Having a strong immune system requires a well-balanced diet containing proper amounts of all essential nutrients -- including protein. Since your immune system is made up of proteins and relies on new protein synthesis to function, it’s no surprise that getting too little protein in your diet can weaken your immune system.
Immune System Proteins
Your body uses amino acids found in dietary proteins to help build proteins within your body -- including proteins that help make up your immune system. For example, immunoglobulins -- also called antibodies -- are proteins that circulate in your blood and make up key components of a strong immune system, according to MedlinePlus. Proteins are also part of antibodies, interferon and complement proteins that support immune system cells or attack viruses, bacteria or other foreign substances in your body.
Daily Protein Requirements
Getting plenty of dietary protein gives you the best chance at keeping your immune system strong. Every adult should consume at minimum the recommended dietary allowance for protein, which is 71 grams per day for pregnant and lactating women, 46 grams for other women and 56 grams for men, according to the Institute of Medicine. Athletes often need extra protein. The International Society of Sports Nutrition recommends 0.64 to 0.91 gram of protein per pound of body weight daily for active adults.
Dietary Sources of Protein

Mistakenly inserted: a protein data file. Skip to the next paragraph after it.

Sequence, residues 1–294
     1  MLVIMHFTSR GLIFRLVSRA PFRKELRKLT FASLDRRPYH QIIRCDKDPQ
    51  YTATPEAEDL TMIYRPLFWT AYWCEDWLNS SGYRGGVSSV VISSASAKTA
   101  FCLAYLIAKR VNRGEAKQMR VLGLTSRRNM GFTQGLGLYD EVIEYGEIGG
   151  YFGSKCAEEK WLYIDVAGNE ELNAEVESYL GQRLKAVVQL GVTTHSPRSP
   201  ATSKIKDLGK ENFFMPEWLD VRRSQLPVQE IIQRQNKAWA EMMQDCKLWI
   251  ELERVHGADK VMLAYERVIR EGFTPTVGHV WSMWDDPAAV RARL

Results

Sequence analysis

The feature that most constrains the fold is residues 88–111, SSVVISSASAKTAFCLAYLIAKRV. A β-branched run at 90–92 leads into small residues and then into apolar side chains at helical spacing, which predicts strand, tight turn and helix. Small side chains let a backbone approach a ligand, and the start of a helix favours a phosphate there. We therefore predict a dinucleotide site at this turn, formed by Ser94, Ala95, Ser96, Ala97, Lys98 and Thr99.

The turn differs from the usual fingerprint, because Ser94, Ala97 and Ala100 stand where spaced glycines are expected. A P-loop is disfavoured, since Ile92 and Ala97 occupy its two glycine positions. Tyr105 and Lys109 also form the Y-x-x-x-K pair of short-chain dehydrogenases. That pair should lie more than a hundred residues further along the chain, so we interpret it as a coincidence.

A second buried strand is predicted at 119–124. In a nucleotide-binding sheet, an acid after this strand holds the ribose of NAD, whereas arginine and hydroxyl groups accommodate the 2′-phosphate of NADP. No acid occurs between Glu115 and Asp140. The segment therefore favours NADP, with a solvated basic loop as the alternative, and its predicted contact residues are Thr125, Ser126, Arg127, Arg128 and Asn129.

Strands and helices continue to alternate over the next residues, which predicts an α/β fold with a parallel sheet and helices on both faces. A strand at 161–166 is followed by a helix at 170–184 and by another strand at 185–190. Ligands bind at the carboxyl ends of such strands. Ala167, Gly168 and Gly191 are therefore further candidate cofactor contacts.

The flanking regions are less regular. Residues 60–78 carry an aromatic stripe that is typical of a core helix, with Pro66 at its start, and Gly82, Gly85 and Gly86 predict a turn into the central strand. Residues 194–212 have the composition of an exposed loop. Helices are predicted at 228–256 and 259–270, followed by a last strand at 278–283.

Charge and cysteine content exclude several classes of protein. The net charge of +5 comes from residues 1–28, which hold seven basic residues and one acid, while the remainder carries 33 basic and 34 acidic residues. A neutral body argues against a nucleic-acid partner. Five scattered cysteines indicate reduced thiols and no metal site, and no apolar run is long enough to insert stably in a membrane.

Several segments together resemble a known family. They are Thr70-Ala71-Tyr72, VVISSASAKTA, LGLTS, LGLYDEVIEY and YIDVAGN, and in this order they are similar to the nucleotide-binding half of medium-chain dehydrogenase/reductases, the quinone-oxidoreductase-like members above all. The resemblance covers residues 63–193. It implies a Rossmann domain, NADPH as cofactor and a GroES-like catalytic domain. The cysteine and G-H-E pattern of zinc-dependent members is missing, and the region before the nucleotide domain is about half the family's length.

Because a variety of foods are rich in protein, most people in developed countries such as the United States get the protein they need for a strong immune system by eating a well-balanced diet. For example, six egg whites contain about 22 grams of protein, 3 ounces of grilled chicken breast provide 27 grams and a cup of cottage cheese contains about 28 grams of dietary protein. Other healthy protein-rich options include low-fat dairy foods, seafood, legumes, soy products and nuts. Protein supplements are a convenient way to further boost protein intake, especially for athletes.
Other Important Nutrients
In addition to protein deficiency, other nutrient deficiencies may also weaken your immune system. For example, Harvard Health Publications reports that being deficient in zinc, selenium, copper, iron, folic acid and vitamins E, C, B-6 and A may alter immune function. Harvard Health Publications suggests consuming a variety of whole grains, fruits and vegetables daily to help keep your immune system strong.